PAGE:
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Virtuosic hand percussionist Adam Rudolph‘s octet, Moving Pictures, is aptly named; their music has the sweep and ambition of a cinematic epic. Their sound itself is tougher to describe: Allmusic categorizes them as “Post-Bop” and “World Fusion,” which is accurate but only superficial, especially when it comes to their new album, Dream Garden (Justin Time).

More correctly, Dream Garden represents a multi-fronted fusion. Rudolph has always utilized drums from Africa, Asia, and Latin America, and this time his band is armed with gourds, Indian bamboo flutes and penny whistles, a Pakistani oboe, and a Japanese shakuhachi, as well as standard Western horns, woodwinds, drums, and electric and acoustic guitars. Put together, they form a stew of world music that you’ll never find on those Putumayo compilations at Starbucks. This is dark, murky stuff, sinuous and a little eerie. It veers from raga-like meditations (“Twilight Lake”) to Soweto Afropop (“Walking the Curve”), but at its core is jazz-rock fusion of the Miles Davis variety (even the all-acoustic tracks play on the heavy beat and languid horn phrases of In A Silent Way and On the Corner).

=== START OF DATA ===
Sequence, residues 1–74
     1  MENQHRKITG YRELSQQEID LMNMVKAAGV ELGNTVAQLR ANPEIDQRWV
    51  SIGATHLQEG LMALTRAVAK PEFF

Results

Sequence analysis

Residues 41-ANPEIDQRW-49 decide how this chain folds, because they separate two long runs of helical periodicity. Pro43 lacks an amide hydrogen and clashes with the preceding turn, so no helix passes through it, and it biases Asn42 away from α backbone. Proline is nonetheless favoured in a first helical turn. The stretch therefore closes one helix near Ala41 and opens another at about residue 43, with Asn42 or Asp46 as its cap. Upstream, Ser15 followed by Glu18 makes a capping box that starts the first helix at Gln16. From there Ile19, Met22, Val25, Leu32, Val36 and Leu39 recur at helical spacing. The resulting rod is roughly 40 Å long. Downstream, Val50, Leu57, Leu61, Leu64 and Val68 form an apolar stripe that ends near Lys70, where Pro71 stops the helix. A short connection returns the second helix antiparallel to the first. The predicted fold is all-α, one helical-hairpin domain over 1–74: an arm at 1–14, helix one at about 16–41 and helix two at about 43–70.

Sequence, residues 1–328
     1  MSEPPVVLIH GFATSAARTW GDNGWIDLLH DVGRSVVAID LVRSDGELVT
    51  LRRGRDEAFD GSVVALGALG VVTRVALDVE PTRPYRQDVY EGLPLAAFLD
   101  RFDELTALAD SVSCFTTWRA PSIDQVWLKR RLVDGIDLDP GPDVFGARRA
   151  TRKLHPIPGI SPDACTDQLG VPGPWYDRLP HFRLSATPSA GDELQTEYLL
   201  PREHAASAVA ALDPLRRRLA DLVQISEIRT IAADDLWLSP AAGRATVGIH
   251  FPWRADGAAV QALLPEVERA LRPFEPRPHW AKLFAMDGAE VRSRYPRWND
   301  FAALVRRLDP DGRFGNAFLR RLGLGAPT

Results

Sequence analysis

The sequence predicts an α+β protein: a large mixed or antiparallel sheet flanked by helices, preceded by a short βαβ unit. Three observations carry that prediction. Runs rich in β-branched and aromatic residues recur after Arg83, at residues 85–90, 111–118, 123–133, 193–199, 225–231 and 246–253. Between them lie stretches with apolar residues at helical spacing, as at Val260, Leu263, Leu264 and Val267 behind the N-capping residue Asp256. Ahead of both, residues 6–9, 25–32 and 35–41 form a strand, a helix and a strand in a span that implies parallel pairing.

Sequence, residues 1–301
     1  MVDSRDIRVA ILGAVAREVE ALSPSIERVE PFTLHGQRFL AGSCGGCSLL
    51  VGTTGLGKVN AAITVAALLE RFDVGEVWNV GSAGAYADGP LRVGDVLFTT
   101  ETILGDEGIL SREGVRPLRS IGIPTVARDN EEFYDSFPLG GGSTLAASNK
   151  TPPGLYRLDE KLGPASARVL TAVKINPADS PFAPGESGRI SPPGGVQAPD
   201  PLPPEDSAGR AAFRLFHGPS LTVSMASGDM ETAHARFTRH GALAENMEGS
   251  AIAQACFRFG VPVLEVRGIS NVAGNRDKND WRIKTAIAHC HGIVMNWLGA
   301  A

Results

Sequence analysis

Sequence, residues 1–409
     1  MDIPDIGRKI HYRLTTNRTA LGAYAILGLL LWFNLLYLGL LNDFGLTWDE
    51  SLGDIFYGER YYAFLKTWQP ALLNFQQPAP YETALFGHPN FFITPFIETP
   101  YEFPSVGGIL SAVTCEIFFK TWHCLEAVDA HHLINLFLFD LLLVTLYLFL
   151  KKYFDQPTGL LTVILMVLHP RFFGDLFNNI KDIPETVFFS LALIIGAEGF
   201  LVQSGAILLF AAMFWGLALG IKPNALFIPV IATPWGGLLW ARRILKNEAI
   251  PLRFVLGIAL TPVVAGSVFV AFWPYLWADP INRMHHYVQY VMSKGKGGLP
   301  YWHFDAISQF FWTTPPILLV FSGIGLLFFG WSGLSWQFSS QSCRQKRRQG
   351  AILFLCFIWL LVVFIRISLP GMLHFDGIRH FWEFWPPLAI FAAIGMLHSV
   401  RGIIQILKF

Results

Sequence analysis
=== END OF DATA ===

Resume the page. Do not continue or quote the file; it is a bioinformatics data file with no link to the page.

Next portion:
Worldbeat it ain’t, but Rudolph and Moving Pictures make music that’s both cerebral and oddly danceable. You’ll find room for both considerations if you head out to Baltimore on Sunday night, when Creative Alliance at the Patterson presents the band at 8pm. Tickets are $20 ($18 for members). The Patterson is at 3134 Eastern Avenue, (410) 276-1651.